Daughters of Tomorrow – Livelihood SOS


Daughters Of Tomorrow (DOT) is a social enterprise enabling livelihoods for underprivileged women in Asia. They provide design, marketing expertise and sales channels for products made by women communities who benefit through skills training and employment.

DOT is founded by Singaporean Carrie Tan, who upon making a volunteer trip to India in 2007, felt a strong burden for the many women there who are in extreme poverty and poorly treated. She eventually left her corporate job to setup DOT with the aim to provide sustainable livelihood for such disadvantaged women, giving them dignity for their lives and their children’s future.

DOT’s Mission:

The mission of DOT is to reduce child-abandonment, infanticide, human trafficking & child prostitution through enabling financial self-sufficiency for all women so that they can be empowered to provide and care for their own children.

DOT’s Communities: 

1.  Low-Income Women in SG – DOT works with the family service centres in Singapore to identify women in low-income or troubled family situations to provide skills training and employment opportunities. These women typically have many children but are unable to find flexible work arrangements that accommodate their childcare needs, or are single mothers struggling to cope. Through employment with DOT,  women in the local sewing and craftwork group regains confidence in themselves and gains a social support network that helps them through their difficult times.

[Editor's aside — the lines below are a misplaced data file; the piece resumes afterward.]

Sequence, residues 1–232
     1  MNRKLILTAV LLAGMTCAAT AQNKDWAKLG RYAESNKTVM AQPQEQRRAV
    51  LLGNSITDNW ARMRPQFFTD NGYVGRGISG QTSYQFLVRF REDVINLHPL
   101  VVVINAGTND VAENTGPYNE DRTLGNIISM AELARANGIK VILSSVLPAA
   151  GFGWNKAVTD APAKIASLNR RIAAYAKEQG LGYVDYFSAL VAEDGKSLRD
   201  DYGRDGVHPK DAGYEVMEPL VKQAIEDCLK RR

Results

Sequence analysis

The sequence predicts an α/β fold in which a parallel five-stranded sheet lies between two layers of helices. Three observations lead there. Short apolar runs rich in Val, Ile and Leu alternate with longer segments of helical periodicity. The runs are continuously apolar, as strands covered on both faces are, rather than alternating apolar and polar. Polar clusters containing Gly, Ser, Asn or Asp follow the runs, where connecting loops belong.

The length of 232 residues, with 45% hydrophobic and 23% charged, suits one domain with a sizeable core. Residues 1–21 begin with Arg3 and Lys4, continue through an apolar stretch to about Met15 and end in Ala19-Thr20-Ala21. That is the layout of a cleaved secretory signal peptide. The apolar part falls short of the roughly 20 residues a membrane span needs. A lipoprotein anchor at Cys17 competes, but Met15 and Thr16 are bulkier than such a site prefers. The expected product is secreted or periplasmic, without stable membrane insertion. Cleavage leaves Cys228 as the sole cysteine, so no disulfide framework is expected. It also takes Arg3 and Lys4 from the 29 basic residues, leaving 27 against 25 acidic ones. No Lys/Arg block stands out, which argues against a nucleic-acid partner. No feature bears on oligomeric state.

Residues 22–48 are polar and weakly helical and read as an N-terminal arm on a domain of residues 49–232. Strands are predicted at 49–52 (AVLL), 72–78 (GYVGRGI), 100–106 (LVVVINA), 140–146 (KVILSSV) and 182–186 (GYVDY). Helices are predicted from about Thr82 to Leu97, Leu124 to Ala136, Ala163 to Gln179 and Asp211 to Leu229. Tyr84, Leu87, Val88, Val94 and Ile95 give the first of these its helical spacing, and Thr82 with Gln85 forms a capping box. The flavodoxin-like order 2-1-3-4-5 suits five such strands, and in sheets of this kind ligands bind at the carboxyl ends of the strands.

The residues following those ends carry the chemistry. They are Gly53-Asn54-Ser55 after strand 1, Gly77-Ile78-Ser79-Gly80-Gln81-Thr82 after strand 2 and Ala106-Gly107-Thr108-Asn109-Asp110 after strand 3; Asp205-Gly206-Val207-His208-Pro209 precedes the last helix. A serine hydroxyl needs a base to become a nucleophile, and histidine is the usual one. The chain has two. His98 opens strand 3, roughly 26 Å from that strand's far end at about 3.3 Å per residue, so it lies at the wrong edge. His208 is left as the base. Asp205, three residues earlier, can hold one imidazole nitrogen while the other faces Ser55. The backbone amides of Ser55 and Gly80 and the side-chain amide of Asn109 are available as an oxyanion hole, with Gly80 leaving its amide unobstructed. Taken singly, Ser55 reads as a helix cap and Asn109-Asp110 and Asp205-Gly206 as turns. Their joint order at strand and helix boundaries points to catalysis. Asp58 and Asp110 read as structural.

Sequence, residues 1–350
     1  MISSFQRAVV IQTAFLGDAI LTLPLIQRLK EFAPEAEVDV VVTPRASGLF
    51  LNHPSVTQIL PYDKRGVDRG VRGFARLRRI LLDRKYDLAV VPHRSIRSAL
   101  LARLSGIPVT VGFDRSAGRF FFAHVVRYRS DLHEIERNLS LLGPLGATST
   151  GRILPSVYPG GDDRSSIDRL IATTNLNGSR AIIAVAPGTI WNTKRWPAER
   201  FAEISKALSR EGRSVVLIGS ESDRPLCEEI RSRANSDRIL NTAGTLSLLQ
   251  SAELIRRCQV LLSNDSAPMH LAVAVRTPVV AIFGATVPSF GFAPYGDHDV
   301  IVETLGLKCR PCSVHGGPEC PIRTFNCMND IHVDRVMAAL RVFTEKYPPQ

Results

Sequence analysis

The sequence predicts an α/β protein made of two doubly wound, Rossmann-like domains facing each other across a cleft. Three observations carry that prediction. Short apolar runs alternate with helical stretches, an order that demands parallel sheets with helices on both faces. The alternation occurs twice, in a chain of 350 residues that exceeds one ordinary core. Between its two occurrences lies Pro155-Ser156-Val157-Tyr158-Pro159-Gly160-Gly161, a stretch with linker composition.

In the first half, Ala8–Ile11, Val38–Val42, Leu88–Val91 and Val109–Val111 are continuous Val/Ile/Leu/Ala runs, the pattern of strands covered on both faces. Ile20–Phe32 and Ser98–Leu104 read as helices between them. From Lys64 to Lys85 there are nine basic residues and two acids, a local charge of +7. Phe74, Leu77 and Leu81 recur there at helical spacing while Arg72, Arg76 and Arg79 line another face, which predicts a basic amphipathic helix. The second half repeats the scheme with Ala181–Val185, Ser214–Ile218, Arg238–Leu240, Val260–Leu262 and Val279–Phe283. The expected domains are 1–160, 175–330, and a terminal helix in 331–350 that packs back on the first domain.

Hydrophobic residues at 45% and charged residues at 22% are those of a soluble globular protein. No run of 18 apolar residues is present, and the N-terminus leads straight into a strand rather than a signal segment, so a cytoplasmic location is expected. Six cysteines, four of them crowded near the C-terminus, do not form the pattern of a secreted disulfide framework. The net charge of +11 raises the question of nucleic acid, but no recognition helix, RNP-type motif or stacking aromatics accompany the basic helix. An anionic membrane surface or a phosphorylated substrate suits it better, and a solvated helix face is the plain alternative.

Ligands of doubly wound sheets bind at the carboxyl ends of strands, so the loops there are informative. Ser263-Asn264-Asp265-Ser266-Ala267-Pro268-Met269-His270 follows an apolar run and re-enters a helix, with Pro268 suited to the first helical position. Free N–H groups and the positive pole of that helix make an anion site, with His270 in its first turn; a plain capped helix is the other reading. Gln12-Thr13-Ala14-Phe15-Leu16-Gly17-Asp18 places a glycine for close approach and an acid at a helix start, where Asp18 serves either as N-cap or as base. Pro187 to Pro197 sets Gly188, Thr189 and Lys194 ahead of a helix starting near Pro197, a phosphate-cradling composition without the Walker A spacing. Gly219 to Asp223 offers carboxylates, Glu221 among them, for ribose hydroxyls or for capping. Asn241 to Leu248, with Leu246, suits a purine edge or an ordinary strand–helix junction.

2.  Lalitha Women’s Cooperative is a fair trade initiative that provides skills training in basic sewing and embroidery to the village women in Kadapa, India. DOT provides skills enhancement training in the areas of quality control, resource management and business communications to the women at Lalitha Women’s Cooperative. They design products suited for the 1st world market and employs the women from Lalitha Women’s Cooperative to make them. Through enabling financial self-sufficiency of mothers, DOT’s work helps to reduce the incidence of female infanticide in the Kadapa region.

3.  HOME – The Humanitarian Organization for Migration Economics – DOT works with HOME to provide trafficked women temporarily transiting in Singapore with skills training. Through these crafts training with DOT,  these women gain vocational and organizational skills that helps them find employment or start their own small businesses when they return to their home countries.

DOT’s Products:

The first type are In-house Products which are designed by DOT’s team of volunteer designers, and made by communities of women who are trained and employed directly by DOT.

The second type are Partner’s Products are made by communities of women working directly or indirectly with other social enterprises. DOT serves as a marketing and distribution platform to help spread awareness about these communities.

Read more about DOT’s inspiring work at: http://www.daughtersoftomorrow.com/

Their products are available at their e-shop: http://www.daughtersoftomorrow-shop.com/

They even have a “pre-loved” shop where you can contribute your second hand items like handbags and dresses for their social mission as well (and I know many of us Singaporeans who have excessive clothes and bags – so why not contribute them for a good cause): http://www.daughtersoftomorrow-shop.com/preloved-branded-items-s/1820.htm

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